Embedded into Hong Kong’s culture like dragon dances and milk tea, Instagram swells with shots of steaming baskets of dim sum, so head to Yum Cha to snap something more contemporary. This dim sum restaurant does things a little differently: the pork buns are shaped as pigs and the sausage rolls are designed like dogs. Even the pineapple puff cookies are made to look like birds and are presented in a metal cage.

 

3. The iconic rainbow residence

Thickets of high-rise apartments stretch skyward across much of Hong Kong, so skyline shots and neck-craning close-ups both provide fantastic photo fodder. However, the vibrant Choi Hung Estate (take exit C4 from the Kwun Tong MTR stop) is where Instagrammers should head first. With a rainbow of painted panels adorning the sides of the towers, palm trees lining the entrance and locals shooting hoops on the estate’s basketball court, the Choi Hung Estate could pass as 1970s California – and there’s always the 1977 Instagram filter to play up that effect.

 

4. Snap something fishy

Mong Kok is home to a number of markets selling everything from phone cases to lingerie, but keen photographers should zoom in on Tung Choi Street’s Goldfish Market where dozens of fish are separated into plastic bags and displayed for prospective pet owners to examine. It is considered good luck to bring fish into the home in China and while the humble goldfish does make an appearance here, expect to snap a wide array of colourful and exotic species.

The sound of silence

At 78° north, Svalbard is both the largest continuous wilderness in Europe and the final frontier before the North Pole. In the frozen depths of winter, a snowmobile expedition is the only way to get a sense of scope in this land of bone-chilling cold and heartbreaking beauty.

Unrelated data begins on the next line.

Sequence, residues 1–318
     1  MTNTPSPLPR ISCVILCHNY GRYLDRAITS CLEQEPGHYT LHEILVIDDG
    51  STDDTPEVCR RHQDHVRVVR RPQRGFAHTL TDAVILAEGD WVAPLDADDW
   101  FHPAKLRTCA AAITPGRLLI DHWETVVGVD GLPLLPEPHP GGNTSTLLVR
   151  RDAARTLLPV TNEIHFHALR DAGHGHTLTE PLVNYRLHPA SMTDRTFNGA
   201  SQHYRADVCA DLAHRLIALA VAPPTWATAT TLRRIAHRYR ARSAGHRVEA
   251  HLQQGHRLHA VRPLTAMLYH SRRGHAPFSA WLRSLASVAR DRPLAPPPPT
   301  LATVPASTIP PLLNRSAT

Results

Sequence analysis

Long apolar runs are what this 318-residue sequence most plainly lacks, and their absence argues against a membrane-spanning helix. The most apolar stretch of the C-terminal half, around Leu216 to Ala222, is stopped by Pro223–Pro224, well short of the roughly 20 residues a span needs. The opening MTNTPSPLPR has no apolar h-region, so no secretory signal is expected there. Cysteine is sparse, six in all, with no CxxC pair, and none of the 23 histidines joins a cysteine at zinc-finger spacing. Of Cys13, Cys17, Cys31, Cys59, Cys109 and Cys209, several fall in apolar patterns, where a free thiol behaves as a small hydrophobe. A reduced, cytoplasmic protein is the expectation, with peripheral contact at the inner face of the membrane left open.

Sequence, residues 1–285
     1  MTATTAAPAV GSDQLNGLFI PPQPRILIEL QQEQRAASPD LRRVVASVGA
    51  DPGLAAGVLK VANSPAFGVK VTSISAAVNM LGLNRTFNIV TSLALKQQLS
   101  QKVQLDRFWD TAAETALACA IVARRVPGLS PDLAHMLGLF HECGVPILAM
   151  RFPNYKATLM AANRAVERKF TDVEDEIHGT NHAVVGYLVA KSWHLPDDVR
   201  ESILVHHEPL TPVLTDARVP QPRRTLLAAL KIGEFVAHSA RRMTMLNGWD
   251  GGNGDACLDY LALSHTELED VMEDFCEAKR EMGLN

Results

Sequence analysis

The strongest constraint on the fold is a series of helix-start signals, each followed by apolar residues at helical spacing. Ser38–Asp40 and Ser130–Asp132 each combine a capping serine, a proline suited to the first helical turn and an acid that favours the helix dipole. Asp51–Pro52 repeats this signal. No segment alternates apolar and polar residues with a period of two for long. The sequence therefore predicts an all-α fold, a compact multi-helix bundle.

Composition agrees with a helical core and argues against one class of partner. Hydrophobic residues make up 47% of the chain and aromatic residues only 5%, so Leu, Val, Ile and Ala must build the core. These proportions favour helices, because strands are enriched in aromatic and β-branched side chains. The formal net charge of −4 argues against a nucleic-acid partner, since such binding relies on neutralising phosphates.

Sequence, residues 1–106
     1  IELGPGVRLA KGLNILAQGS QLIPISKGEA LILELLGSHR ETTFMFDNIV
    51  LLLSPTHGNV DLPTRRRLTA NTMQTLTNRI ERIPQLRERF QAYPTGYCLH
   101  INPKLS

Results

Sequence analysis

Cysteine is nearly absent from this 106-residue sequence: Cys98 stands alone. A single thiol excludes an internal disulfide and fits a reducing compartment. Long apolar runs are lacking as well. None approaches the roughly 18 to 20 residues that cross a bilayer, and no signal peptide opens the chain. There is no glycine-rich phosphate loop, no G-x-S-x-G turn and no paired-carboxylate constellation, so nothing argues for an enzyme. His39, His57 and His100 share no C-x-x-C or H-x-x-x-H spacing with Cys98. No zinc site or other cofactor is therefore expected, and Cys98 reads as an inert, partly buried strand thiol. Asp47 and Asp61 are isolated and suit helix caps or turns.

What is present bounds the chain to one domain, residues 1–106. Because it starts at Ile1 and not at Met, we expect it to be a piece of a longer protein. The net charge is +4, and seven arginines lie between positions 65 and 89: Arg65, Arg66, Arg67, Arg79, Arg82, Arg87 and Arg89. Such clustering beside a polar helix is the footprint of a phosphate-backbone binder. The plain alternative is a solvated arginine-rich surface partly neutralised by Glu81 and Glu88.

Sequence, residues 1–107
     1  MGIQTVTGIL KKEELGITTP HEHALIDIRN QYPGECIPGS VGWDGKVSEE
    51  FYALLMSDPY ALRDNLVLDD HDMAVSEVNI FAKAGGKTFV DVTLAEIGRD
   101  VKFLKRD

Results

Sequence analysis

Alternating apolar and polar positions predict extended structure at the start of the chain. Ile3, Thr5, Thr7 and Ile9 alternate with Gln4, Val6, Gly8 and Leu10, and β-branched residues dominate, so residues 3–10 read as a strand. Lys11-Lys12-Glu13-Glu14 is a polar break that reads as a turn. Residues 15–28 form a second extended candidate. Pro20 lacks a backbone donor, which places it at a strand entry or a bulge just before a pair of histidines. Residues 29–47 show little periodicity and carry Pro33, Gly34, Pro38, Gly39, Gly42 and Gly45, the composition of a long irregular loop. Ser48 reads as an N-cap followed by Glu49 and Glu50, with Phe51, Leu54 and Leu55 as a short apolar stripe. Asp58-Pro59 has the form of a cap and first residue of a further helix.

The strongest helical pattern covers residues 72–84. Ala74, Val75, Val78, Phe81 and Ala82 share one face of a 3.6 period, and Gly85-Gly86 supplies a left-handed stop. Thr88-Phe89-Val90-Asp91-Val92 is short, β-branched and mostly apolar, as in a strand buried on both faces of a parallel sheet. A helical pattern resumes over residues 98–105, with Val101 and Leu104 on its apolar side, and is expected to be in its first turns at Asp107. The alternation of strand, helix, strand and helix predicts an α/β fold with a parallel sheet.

Many who have never stepped foot on Svalbard – the archipelago midway between Norway and the North Pole – envisage a bleak, white wilderness of ice, emptiness, and polar bears. Seen in a winter blizzard, this is bang on, but then there are the days as clear as cut crystal and the brilliance they bring. Colours. Nobody ever imagines the colours. This thought plays on my mind as I cling onto a snowmobile, bouncing giddily from side to side through a gully, the lights of the main settlement of Longyearbyen fast receding.

It’s around -20°C and a bitter wind blasts my visor, stinging and finally numbing the fraction of my face exposed to the elements. My tears freeze on my eyelashes like tiny jewels, and wisps of silver-white hair escaping from my balaclava give me a premature glimpse of my older self. It’s very, very cold and beautiful beyond belief. We enter glacial valleys where the sky is painted in softest pinks, pale blues and lilacs. We rumble up slopes of downy snow, fighting to keep balance, and over frozen tundra, as the late February sun glares defiantly on the horizon after four months of absence. You can almost hear the locals’ collective sigh of relief as the rays beat down.

When we stop the snowmobiles, there is utter silence in the blue air, but for the crunch of ice underfoot. Our snowmobiles take us deeper into the Reindalen and Grøndalen valleys, where mountains, bare, muscular and denuded of trees, rise steeply in rolling masses, snow-covered for most of the year. Glowing as the light dies, they appear lit from within – some perfect pyramids, some like the prows of great ships, some like the ruins of fantasy fortresses with mighty stone ramparts and buttresses. Almost 100km into the expedition, every newly trained muscle aches as we approach the glimmer of sea in the pearl-polished twilight.

We are so lucky, our guide Marte Myskja Sæterbø admits, as we defrost over mugs of mulled wine at Isfjord Radio, a former radio and weather station turned boutique hotel in the back of beyond at Kapp Linné. The weather is exceptional for this time of year and the aurora forecast is looking promising. The incongruity of the stylishly pared-back Nordic interior doesn’t pass us by. And the level of attention devoted to food is like a small miracle given the raw and remote setting. We begin digging into Arctic specialities like smoked Svalbard reindeer but, as the wine-braised veal arrives, we down forks. The lights. The lights have arrived.

Outside, the show has begun. We stand in speechless wonder, our gaze lifted to the heavens, as greens float and ripple in the night sky – like flashes from a wizard’s wand.